3. woodruff | | #5

    1. Could you post a photo of yourself in the pants?2. Sometimes it's the fault of the fabric. I have a beautiful pair of silk dupioni pants which fit perfectly, but they are not loose, and after i have sat in them for a while, there are drag lines in the front crotch area when I stand up. These wrinkles fall out when I'm walking or standing, but the silk wants to crease a little when I sit, probably due to body heat, etc.3. Even if the crotch length of your pattern is OK, that may not be the end (so to speak) of the issue. It is important for the shape of the crotch curve to be right, also. For example, if you lay your front and back pattern pieces on your cutting board with a pin at the point where the front and back crotch curves intersect and then pivot the pieces so the grainlines a perfectly vertical, what does the shape of the crotch curve look like? It will have a more or less U-shape, but that shape should look like you in profile.One of the biggest problems I see on ladies is that the bottom of the crotch curve is simply not wide enough to provide a shelf for the backside to sit on. If you are thick front to back, the crotch curve should reflect that. A tall, narrow crotch curve (a tall, skinny U or almost V-shape) may provide the right number of inches, but because the "sitz place" isn't wide enough, the grainline will be distorted when the pant is worn and the pants will strain a little rather than falling freely in this area.There are various ways to check the width of this portion of the crotch curve. One way is to make a thick length of twisted tinfoil and mold it to yourself where the crotch seam would go. Then you step out of it carefully and take a look at the result (there will probably be a little distortion when you take it off, but still you can get an idea). Art supply stores also have moldable rulers 27" long, rather than the usual 25" that online stores like Clotilde offer.For another method, you need an assistant: You get out an ordinary 12" ruler, back up to a door, slide the ruler between your legs at crotch level with the 0 against the door, have your assistant make sure the ruler is horizontal to the floor, and literally "read" how thick your body is front to back in that region (you or the assistant should hold a yardstick straight down from the front waistline, so that the curve of the belly is included in the width reading). The bottom of the pants crotch curve should be about the same width before it becomes verticalized and heads for the front and back waist.

    1. zuwena | | #19

      Let me offer one easier variation on the last suggestion using the assistant. Using a L ruler, place the longer end on the horizontal between the legs, and the shorter end on the vertical facing up toward the navel, along the abdominal line and "read" the horizontal distance at the back. Same thing as suggested except that you don't have to bother trying to manipulate two rulers. Z

      1. karencreswell | | #29

        I have made many of the changes in my pants pattern that are suggested in this thread but have also found that it is very important to use firm fabrics without any crosswise stretch when making pants. Wool gabardine and tropical weight wools can be very firm. Check for cross-wise stretch when purchasing a pants fabric. Also any wrinkles that occur in wool after sitting hang out better. Fabrics that hold a crease can also be a problem.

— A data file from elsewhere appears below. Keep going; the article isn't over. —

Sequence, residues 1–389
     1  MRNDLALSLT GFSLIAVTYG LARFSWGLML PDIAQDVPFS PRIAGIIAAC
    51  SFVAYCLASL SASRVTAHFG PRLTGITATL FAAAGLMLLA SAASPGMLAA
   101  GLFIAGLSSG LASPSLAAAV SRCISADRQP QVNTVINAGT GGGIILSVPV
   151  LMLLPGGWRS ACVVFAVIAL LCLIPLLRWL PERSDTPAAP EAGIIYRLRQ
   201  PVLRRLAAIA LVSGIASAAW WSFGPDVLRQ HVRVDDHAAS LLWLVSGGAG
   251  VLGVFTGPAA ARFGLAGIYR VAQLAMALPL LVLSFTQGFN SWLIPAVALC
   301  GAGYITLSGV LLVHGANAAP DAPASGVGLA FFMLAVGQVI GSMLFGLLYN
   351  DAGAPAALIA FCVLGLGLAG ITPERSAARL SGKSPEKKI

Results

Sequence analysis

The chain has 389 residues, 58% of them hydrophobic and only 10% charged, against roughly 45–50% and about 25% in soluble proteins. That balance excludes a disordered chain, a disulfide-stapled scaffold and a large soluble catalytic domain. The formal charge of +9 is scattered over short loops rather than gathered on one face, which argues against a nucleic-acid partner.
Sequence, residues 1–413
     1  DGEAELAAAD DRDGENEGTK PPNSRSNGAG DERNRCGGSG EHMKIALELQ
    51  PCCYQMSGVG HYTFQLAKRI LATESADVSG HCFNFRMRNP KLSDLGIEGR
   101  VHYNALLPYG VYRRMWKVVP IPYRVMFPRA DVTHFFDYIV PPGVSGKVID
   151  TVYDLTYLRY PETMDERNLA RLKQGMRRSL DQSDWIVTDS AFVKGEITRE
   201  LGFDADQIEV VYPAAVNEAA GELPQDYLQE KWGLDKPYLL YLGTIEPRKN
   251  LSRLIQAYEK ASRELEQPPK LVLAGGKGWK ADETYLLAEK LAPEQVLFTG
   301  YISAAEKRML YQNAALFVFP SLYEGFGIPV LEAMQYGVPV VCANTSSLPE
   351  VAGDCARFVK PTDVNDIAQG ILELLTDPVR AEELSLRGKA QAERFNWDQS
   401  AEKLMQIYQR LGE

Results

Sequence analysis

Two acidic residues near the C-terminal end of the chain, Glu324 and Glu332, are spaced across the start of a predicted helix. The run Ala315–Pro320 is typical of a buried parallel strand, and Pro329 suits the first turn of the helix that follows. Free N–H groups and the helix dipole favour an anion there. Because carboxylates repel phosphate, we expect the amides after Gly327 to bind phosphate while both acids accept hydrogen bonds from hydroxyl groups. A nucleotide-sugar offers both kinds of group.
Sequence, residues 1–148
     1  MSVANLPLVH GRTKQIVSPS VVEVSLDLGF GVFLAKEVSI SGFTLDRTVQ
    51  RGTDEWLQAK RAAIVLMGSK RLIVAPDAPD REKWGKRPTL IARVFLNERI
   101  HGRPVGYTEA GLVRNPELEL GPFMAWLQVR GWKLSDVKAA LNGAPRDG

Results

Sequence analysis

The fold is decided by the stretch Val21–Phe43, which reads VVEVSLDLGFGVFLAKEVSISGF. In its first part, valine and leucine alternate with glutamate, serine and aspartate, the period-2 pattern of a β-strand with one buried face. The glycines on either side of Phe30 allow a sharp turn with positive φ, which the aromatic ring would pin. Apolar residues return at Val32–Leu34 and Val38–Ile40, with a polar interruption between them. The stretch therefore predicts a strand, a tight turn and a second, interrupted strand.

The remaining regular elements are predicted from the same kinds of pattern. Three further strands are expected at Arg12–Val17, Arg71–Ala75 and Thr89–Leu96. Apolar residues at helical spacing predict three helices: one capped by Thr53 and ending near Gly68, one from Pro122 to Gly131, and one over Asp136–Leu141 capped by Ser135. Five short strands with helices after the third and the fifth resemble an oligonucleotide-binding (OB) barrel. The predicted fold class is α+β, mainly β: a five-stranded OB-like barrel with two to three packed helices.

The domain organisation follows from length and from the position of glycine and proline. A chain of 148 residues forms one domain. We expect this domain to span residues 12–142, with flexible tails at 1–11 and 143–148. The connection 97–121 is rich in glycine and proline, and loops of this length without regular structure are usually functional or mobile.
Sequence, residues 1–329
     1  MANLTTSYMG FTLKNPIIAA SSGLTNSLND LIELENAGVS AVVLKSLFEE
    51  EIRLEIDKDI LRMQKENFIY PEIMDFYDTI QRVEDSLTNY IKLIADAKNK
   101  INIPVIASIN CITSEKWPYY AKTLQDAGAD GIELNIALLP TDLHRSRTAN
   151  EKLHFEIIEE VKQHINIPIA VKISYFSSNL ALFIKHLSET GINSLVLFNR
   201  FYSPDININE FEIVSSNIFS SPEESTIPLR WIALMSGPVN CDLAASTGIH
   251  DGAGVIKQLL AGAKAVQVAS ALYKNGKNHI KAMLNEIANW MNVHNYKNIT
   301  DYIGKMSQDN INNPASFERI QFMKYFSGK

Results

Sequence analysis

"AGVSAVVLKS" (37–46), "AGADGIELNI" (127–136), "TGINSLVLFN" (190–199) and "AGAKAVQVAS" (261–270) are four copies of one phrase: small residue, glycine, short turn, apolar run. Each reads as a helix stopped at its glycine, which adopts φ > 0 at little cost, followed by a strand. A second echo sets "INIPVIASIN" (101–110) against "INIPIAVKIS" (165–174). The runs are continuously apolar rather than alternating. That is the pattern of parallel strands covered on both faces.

4. jjgg | | #11

    you need to post a picture of this, it may not be 'strain' but something else. When does this occur, when the pants were fresh and you just put them on? does it occur just when walking or lifting the leg like you are walking up stairs? What fabric did you make them out of? Does your pattern have the upper back inseam ease into the upper front inseam?pants can be a very complicated fit, for instance the leg portion may need to shift one way or the other from the abdomen portion depending on how your body is made, some people (athletes) have very heavy upper front thighs that give some different fitting issues.Most important to know is that no clothing item will sit perfectly smooth on the body when the body goes through it's motion, we change shape as we move, AND EVEN MORE IMPORTANT AS FOR THE CROTCH AREA; pants will never fit perfectly smooth unless you put a gusset in the crotch area. Look at your underpants, how the crotch area has a piece added between the legs, now imagine if legs were added onto the panties, you would get a lovely fit of your body. Look at your shape in the mirror with your panties on, there is a flat space between your legs up at the crotch level. Now, imagine how real pants fit- they came up between the legs in an inverted "V" this leaves gaps of space on either side.Why do men's pants often fit flatter and smoother in front? because the crotch is dropped quite a bit to accommodate their parts.Long answer, but without knowing more and seeing them, can't help.My best advice as I've said before about pants fitting is to find someone who can fit pants and have them make you a sloper for them, then you can adjust that to make whatever style you want.Joyce Murphy is the Queen of pants fitting http://www.jsmpatterns.com/She has a list of people that can do this for you, if you can find someone near you to so this, it's probably worth the price. Where do you live?Judy - who is enjoying Spring and watching all the goldfinches turn bright yellow again! The daffodils are all blooming. Seeds are sprouting and wild flowers are up and bloomingEdited 3/30/2009 9:52 am ET by jjgg